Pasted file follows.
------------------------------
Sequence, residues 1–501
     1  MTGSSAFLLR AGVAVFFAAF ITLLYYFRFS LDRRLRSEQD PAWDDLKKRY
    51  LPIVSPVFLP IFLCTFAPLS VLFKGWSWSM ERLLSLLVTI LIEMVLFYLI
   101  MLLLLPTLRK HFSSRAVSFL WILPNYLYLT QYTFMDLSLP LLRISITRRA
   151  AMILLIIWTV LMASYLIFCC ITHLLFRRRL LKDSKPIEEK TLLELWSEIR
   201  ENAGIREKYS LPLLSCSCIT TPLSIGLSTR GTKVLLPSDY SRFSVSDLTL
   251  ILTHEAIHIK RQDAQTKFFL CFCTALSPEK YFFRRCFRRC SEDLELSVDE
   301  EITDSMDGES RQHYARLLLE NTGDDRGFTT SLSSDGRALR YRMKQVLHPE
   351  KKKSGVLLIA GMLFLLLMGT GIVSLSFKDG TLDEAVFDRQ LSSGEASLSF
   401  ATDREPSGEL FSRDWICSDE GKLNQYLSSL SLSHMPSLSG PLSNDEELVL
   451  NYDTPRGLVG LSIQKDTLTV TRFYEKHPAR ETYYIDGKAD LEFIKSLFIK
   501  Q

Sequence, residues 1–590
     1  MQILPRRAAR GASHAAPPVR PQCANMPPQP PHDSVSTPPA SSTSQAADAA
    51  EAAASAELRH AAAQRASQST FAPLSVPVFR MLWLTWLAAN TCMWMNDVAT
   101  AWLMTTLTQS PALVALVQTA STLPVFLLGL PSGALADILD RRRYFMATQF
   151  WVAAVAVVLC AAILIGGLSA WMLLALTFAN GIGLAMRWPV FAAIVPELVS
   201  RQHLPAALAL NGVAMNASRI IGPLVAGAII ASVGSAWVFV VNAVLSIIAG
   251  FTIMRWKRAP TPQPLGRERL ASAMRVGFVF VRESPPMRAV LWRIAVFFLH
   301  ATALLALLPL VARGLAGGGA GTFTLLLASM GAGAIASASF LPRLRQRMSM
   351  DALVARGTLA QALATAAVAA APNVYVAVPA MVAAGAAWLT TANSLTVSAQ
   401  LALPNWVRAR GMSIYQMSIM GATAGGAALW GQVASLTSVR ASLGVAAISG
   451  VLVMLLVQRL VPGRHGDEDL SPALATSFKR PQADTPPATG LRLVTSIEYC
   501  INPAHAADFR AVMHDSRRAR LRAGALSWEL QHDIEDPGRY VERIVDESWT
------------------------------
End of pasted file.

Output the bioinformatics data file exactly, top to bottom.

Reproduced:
Sequence, residues 1–501
     1  MTGSSAFLLR AGVAVFFAAF ITLLYYFRFS LDRRLRSEQD PAWDDLKKRY
    51  LPIVSPVFLP IFLCTFAPLS VLFKGWSWSM ERLLSLLVTI LIEMVLFYLI
   101  MLLLLPTLRK HFSSRAVSFL WILPNYLYLT QYTFMDLSLP LLRISITRRA
   151  AMILLIIWTV LMASYLIFCC ITHLLFRRRL LKDSKPIEEK TLLELWSEIR
   201  ENAGIREKYS LPLLSCSCIT TPLSIGLSTR GTKVLLPSDY SRFSVSDLTL
   251  ILTHEAIHIK RQDAQTKFFL CFCTALSPEK YFFRRCFRRC SEDLELSVDE
   301  EITDSMDGES RQHYARLLLE NTGDDRGFTT SLSSDGRALR YRMKQVLHPE
   351  KKKSGVLLIA GMLFLLLMGT GIVSLSFKDG TLDEAVFDRQ LSSGEASLSF
   401  ATDREPSGEL FSRDWICSDE GKLNQYLSSL SLSHMPSLSG PLSNDEELVL
   451  NYDTPRGLVG LSIQKDTLTV TRFYEKHPAR ETYYIDGKAD LEFIKSLFIK
   501  Q

Sequence, residues 1–590
     1  MQILPRRAAR GASHAAPPVR PQCANMPPQP PHDSVSTPPA SSTSQAADAA
    51  EAAASAELRH AAAQRASQST FAPLSVPVFR MLWLTWLAAN TCMWMNDVAT
   101  AWLMTTLTQS PALVALVQTA STLPVFLLGL PSGALADILD RRRYFMATQF
   151  WVAAVAVVLC AAILIGGLSA WMLLALTFAN GIGLAMRWPV FAAIVPELVS
   201  RQHLPAALAL NGVAMNASRI IGPLVAGAII ASVGSAWVFV VNAVLSIIAG
   251  FTIMRWKRAP TPQPLGRERL ASAMRVGFVF VRESPPMRAV LWRIAVFFLH
   301  ATALLALLPL VARGLAGGGA GTFTLLLASM GAGAIASASF LPRLRQRMSM
   351  DALVARGTLA QALATAAVAA APNVYVAVPA MVAAGAAWLT TANSLTVSAQ
   401  LALPNWVRAR GMSIYQMSIM GATAGGAALW GQVASLTSVR ASLGVAAISG
   451  VLVMLLVQRL VPGRHGDEDL SPALATSFKR PQADTPPATG LRLVTSIEYC
   501  INPAHAADFR AVMHDSRRAR LRAGALSWEL QHDIEDPGRY VERIVDESWT